Disability Etiquette

People with disabilities are just that, PEOPLE!  It is important to remember that our disabilities are only a part of who we are.  We are sons and daughters, brothers and sisters, husbands and wives, and fathers and mothers.  People with disabilities have the same wants and needs as anyone else.  We are all unique and have our own skills, talents interests and experiences.

Knowing this, we still recognize that certain individuals may have questions about how to best interact with a person with a disability.  Below are a few etiquette tips to assist you in your ease of interaction.

  • Always think of the person first, not the disability.
  • Always ask before you assist someone.  Just because you see someone with a disability who may look to you to be struggling does not mean that person needs your help.  For example:  A person who uses a wheelchair is pushing up a ramp and you decide to come up and push them.  Not realizing that while they are in a forward motion and you push it may propel them out of the wheelchair.
  • Use a “people first” style of language.  For example:  Person or an individual with a disability, person or individual who is Deaf.  Avoid using outdated words such as “victim”, “suffers from”, “handicapped” etc.
  • Talk to the individual directly not their companions, family, interpreters, etc.
  • When speaking with an individual who is blind or visually impaired, always introduce yourself and let them know when you are leaving.  You can also offer your arm or elbow as a guide if they request.  Never grab or push someone to guide them, remember ASK first.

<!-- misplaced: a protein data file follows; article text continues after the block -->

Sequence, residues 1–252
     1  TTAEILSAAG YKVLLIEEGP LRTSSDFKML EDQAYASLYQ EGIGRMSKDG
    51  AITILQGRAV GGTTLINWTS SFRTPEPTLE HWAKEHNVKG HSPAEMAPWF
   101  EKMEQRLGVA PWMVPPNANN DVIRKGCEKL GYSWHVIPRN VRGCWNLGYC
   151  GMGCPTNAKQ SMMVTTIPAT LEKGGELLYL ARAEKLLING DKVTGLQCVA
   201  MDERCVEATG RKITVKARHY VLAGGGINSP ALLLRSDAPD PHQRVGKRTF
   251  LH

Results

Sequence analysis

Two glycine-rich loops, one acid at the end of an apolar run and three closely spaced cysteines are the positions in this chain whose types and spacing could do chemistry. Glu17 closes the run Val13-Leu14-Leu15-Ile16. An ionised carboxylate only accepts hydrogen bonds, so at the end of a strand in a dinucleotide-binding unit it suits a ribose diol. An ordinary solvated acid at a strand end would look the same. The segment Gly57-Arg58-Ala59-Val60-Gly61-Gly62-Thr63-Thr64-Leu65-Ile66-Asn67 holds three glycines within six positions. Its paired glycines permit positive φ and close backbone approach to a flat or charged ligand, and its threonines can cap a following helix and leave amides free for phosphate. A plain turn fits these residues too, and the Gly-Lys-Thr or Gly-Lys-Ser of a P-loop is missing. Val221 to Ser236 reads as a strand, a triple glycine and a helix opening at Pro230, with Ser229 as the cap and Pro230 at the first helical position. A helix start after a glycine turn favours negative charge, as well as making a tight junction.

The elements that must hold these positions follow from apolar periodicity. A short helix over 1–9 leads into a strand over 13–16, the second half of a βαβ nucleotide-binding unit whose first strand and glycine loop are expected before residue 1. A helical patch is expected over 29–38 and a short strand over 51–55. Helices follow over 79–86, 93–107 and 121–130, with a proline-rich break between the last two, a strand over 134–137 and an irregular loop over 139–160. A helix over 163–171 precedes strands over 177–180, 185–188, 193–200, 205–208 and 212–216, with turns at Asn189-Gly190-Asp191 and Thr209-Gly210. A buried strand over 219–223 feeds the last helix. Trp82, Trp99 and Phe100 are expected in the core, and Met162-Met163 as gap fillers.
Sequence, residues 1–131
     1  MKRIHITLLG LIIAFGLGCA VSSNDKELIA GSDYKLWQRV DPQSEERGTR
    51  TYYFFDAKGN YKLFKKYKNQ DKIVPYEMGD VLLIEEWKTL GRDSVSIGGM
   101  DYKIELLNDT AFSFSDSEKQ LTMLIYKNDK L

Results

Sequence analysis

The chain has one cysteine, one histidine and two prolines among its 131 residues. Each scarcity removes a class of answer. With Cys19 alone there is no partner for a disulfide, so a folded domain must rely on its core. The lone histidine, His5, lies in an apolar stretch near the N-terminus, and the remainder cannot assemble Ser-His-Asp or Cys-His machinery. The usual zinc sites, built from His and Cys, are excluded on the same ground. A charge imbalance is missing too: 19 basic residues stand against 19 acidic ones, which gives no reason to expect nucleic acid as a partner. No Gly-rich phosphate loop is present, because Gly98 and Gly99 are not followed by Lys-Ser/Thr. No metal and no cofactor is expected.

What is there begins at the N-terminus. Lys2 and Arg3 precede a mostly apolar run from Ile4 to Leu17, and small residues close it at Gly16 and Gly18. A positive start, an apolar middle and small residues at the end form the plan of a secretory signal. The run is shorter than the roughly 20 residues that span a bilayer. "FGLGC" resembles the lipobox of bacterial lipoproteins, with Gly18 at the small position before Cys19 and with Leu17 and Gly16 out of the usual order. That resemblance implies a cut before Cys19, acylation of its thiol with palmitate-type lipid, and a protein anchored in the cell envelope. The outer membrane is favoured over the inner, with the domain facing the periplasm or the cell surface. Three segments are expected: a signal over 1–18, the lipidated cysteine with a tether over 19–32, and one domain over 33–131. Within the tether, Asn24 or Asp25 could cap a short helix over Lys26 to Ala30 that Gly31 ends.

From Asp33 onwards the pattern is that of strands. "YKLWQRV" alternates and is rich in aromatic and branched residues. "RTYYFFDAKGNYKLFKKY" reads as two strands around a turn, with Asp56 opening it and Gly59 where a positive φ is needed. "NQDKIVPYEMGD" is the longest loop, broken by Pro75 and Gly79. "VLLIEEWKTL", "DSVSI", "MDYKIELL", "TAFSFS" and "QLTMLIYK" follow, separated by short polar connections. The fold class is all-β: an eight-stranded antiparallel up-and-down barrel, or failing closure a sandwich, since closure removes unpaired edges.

• NEVER pet a guide dog or service animal.  The dog or animal is providing a service to that individual and is responsible for their safety.  If you distract the dog or animal the owner’s safety is at risk.
  • Do not push or lean on an individual’s wheelchair, walker or mobility device. Many individuals view their device as an extension of themselves.  You would not want someone touching and leaning on you as a person and individuals feel this way when you lean on their wheelchair, etc.
  • Put yourself at eye level if speaking to an individual in a wheelchair.
  • Be patient when speaking with an individual with speech or cognitive disabilities.  Never speak for them, be patient and wait for them to say what they would like to say and never finish a sentence for someone.

Above all, use people first language, never patronize an individual or use pet names, and avoid using negative or offensive language when speaking to or of people with disabilities.